A woman has taken home a stomach-churning souvenir following an overseas trip.
The woman, 62, went to a dermatology clinic in New York complaining of a biting sensation in her back, according to the case in the New England Journal of Medicine.
Doctors examined her and noted that she had six nodules on her back and buttocks, Yahoo News reported.
They were particularly itchy and she had received treatment from another doctor who provided her with medication for treating a bacterial infection.
But unfortunately, this did not work to cure her ailment and they continued to itch.
She told doctors two months earlier she had visited Colombia and believed a mosquito or some kind of insect had bitten her. The “bite marks” were now leaking a small amount of fluid.
Doctors examined the nodules closer and found larval movement. Whatever was inside the nodules was alive.
“The lesions were anaesthetised with lidocaine, and the larvae were removed,” researchers wrote.
“In total, six larvae were extracted and identified as larvae of the human botfly.”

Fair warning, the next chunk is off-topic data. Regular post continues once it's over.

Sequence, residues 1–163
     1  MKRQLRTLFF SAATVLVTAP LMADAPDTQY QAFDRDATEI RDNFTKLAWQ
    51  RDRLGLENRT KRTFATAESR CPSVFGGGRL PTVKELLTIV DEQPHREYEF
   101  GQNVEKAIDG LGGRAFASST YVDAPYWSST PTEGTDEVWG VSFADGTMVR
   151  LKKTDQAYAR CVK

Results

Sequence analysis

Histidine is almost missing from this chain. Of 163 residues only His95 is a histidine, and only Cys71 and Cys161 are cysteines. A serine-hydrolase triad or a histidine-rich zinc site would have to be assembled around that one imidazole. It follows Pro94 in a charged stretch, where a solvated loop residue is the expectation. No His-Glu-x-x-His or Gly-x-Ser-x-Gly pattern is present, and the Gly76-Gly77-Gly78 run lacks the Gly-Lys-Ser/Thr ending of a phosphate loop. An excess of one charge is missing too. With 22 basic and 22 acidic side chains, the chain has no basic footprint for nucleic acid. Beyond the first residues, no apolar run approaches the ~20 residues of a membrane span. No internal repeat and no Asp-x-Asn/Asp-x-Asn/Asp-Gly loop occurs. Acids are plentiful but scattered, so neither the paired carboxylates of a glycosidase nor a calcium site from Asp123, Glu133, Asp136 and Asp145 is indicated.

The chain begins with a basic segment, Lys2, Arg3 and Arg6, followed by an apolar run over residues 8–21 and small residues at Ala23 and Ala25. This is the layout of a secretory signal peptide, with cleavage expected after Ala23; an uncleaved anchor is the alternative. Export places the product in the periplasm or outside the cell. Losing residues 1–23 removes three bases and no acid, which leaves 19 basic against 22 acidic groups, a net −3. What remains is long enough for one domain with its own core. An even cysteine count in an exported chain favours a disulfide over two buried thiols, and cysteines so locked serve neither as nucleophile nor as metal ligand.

According to the University of Florida, the human botfly is a small, hairy fly which looks like a bumblebee and is native to central and South America.
The insects lay their larvae in the skin of mammals in a process known as myiasis.
The university noted there are two ways to remove the larvae: the way in which the New York woman had hers removed and another way which involves covering the lesion so the larvae can’t breathe. This leads to the larvae exiting the skin briefly for oxygen after which they can be safely removed with forceps.
The woman, like others who have dealt with the myiasis, came back a week later with the lesions mostly healed and a “70 percent reduction in her symptoms.”